The future of source code editing

Download the demo right now :)

As some of you might already know, I have developped a source code editor during a few years. It is a Free Software called Jext. During its development, I always tried to implement the features I needed or the ones I felt I could need someday. Unfortunately I never tried to catch a glimpse of the future and put it into Jext. Source code editing has evolved very slowly in 20 years. Sure we got stuff like folding, refactoring, code completion, etc. Yet, no feature ever dramatically changed the way we read and write code. At least none I am aware of. I know people are trying to get truly new things done, like James Gosling with his Jackpot project. Isn’t it about time to try doing something on my own?

Every programming language allows to write comments and they are perfect to add some meta data to source files. Adding meta data through comments is a widely used technique, see JavaDoc or XDoclet. It has proved to be efficient and easy to deal with, both for tools and programmers. I am sure we could use source code meta data to improve code reading. So far, I have only seen them used as tools guides. Visual Studio .NET or jEdit, for instance, let you add meta data to mark segments of code to be folded. We can do better and I have written a small demo in Java/Swing demonstrating one of the numerous possible uses.

Following the very well known precept “A picture’s worth a thousand words”, I created a very simple source code viewer able to show pictures right into your code. The demo is slow to load because of my crude syntax coloring code but that’s not the point. When I comment my code, I often feel like it would be great for other developers reading it to be able to take a lookt at a self explanatory schema rather than reading lengthy explanations. JavaDoc is half a solution since we need to look both at the generated documentation and the source file. I prefer this:

Don’t pay too much attention to the content, I used code from Jext and schemas from another application. In this example, the first comment contains a nice looking schema explaining how the MVC pattern was implemented into the application. Isn’t it cool to be able to see this without leaving the editor? Adding a picture into the code is very simple, you just need to write its filename enclosed by two sharps, as in this example:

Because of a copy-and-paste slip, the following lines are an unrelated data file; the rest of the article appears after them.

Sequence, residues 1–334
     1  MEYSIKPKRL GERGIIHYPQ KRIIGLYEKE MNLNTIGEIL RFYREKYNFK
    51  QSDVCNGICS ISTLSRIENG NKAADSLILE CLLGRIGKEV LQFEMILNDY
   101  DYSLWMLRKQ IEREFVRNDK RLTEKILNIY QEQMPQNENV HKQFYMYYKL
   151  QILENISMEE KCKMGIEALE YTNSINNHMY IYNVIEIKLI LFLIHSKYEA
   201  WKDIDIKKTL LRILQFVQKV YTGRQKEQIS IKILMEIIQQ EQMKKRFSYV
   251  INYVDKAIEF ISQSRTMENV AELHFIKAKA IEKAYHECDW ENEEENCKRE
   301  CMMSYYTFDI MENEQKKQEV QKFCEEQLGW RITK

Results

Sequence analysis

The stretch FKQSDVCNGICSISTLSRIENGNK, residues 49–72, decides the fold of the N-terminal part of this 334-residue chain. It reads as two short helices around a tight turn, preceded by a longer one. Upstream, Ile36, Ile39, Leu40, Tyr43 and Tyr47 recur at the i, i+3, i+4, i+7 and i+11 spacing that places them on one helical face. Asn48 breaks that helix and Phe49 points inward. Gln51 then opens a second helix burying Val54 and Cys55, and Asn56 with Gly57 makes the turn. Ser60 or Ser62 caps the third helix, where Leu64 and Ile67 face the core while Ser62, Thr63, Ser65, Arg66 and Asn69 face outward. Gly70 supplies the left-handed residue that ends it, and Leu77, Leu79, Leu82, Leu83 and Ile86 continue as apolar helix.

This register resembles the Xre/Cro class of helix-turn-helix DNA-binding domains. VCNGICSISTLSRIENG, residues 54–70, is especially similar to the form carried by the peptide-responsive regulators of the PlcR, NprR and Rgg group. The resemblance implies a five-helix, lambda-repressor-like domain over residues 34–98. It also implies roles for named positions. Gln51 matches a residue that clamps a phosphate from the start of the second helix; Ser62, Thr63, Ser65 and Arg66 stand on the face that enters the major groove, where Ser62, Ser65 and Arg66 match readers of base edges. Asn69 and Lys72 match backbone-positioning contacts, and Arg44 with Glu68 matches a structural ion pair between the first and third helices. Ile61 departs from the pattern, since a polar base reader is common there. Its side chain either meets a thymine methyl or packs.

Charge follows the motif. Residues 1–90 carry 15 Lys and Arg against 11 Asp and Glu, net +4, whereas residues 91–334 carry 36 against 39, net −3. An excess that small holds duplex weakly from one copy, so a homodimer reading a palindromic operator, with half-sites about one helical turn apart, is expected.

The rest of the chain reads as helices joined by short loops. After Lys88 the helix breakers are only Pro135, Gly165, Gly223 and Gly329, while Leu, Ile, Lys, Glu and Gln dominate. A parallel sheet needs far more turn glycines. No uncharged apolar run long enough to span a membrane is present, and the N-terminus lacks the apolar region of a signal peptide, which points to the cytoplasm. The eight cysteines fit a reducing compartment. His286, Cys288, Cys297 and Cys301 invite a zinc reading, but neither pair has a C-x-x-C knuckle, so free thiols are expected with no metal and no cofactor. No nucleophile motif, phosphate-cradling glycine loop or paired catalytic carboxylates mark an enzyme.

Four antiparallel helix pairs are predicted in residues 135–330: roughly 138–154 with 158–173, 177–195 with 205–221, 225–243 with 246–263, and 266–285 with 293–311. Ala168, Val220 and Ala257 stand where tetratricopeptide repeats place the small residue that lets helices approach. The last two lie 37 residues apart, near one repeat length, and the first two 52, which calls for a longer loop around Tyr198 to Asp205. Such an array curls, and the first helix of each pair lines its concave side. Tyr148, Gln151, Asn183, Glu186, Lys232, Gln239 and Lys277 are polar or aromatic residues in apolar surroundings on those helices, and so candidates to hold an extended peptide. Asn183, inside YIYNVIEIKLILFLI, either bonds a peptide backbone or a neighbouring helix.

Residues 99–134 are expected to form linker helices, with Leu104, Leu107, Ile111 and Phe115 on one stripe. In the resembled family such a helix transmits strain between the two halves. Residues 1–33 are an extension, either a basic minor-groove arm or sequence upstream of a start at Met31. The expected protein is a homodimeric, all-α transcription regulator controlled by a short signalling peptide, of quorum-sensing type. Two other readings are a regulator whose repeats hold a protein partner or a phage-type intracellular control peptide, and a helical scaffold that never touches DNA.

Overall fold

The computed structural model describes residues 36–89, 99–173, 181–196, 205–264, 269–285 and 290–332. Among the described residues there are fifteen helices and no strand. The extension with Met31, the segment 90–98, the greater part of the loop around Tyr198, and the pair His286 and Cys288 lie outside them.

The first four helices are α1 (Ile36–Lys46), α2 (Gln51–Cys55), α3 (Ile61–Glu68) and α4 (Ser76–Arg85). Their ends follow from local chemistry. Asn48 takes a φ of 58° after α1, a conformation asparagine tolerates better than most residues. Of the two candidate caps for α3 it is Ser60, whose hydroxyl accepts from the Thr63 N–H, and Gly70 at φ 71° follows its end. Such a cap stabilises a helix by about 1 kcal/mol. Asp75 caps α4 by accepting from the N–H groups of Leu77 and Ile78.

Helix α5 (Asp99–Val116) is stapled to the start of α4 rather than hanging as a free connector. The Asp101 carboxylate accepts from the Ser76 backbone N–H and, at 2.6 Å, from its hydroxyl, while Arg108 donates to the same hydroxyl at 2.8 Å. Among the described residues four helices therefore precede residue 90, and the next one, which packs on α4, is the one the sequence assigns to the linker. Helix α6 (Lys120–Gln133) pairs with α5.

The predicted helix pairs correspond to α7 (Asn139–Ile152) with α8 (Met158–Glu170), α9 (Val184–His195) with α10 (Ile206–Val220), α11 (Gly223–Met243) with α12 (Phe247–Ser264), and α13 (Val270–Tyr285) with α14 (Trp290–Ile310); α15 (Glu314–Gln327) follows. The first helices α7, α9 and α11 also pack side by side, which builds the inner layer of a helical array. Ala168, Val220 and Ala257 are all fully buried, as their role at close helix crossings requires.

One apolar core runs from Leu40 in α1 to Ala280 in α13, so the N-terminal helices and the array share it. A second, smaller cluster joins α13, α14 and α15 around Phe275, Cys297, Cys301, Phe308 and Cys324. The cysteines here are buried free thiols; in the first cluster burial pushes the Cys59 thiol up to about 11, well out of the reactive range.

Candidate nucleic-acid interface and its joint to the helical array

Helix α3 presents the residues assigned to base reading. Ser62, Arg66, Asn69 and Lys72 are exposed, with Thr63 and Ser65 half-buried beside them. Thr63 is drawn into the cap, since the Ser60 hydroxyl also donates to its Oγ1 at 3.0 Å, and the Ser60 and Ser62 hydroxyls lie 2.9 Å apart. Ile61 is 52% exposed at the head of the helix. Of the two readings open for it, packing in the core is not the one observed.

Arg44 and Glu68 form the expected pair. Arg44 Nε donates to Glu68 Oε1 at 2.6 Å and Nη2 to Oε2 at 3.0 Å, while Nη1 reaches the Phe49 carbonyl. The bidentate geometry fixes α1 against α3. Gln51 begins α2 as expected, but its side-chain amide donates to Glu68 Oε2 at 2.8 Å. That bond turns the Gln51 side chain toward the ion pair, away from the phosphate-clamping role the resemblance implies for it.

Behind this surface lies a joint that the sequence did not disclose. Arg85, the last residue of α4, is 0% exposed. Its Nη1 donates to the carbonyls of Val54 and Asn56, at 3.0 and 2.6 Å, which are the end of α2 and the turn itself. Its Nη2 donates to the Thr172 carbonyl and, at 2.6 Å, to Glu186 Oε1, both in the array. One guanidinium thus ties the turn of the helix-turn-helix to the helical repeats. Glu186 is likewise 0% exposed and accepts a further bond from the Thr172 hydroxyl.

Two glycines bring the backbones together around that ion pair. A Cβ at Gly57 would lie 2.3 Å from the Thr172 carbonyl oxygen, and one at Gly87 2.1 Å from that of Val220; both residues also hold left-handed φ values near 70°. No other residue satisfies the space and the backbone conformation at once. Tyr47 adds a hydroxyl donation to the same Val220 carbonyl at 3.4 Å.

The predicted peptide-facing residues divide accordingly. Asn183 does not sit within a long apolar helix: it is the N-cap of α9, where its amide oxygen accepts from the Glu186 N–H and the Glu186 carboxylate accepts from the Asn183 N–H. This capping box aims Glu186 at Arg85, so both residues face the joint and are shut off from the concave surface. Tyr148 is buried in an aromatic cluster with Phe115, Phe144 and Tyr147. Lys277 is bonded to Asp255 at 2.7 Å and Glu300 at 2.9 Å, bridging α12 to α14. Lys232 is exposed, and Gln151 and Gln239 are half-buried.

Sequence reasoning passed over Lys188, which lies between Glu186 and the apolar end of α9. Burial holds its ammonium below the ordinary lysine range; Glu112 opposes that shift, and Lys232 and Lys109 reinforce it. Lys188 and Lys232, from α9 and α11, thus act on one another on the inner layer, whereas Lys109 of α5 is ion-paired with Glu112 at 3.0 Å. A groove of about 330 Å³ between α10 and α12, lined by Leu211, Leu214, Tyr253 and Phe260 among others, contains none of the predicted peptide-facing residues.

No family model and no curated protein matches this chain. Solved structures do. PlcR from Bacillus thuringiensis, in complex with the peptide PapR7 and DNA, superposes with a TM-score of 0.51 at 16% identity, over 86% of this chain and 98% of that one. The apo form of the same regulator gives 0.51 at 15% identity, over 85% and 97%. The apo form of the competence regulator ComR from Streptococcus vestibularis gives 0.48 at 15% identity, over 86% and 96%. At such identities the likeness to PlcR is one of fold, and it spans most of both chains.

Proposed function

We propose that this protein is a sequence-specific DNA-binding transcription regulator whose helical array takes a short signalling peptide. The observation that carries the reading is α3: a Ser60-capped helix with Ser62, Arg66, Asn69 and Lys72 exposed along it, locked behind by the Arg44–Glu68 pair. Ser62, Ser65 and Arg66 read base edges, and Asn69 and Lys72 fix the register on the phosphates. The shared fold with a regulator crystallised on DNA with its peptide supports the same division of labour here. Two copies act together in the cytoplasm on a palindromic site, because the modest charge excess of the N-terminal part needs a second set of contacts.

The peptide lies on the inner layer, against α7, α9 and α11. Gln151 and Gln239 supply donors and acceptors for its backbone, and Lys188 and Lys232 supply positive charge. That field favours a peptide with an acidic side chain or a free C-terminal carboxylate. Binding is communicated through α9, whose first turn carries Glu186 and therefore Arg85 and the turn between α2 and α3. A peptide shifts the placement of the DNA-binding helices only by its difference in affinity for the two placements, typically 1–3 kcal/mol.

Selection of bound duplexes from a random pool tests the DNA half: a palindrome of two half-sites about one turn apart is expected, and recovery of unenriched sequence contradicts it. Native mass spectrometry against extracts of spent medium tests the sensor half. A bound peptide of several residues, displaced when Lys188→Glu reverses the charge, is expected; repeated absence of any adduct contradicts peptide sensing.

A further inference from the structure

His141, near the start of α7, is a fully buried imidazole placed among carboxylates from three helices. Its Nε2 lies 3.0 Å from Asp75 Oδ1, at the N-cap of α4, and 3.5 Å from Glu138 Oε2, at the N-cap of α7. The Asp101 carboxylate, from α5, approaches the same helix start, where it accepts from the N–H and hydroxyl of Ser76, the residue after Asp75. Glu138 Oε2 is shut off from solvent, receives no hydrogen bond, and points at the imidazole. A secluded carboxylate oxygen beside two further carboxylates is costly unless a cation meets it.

// DesignPatternMVCImpl class implements the MVC design pattern
// by following this architecture:
// #MVC-1.png#

public class DesignPatternMVCImpl {
  // blablabla

Needless to say anyone can read this, even without the appropriated viewer/editor. At this moment, the demo only allows to insert picture in singe-line comments (//). Slash-starred comments have been omitted by pure laziness. It works really well though:

As you can see, this quick hack is far from perfect. For instance, it would be better to draw comment characters or a special border on the left of the picture. It can be quite hard to spot the comment start in these examples (it doesn’t really matter since a picture is necessarily enclosed in a comment). Displaying a picture could also simply be done with a special view in the editor or by making it float over the text or by putting it in a pane next to the editor area. This trick could be especially useful to comment code containing a lot of maths:

It is way easier to read a nicely rendered formula rather than decrypting the source code equivalent. I invite you to download the demo. It contains a test file with three pictures, the source code, the Eclipse project and the compiled binaries. I also invite you to send a comment to let visitors and I know of “futuristic” editors. Also, if you have any cool idea, I’d like to hear from it!

One Response to “The future of source code editing”

  1. Andy says:

    Oh, and did not know about it. Thanks for the information …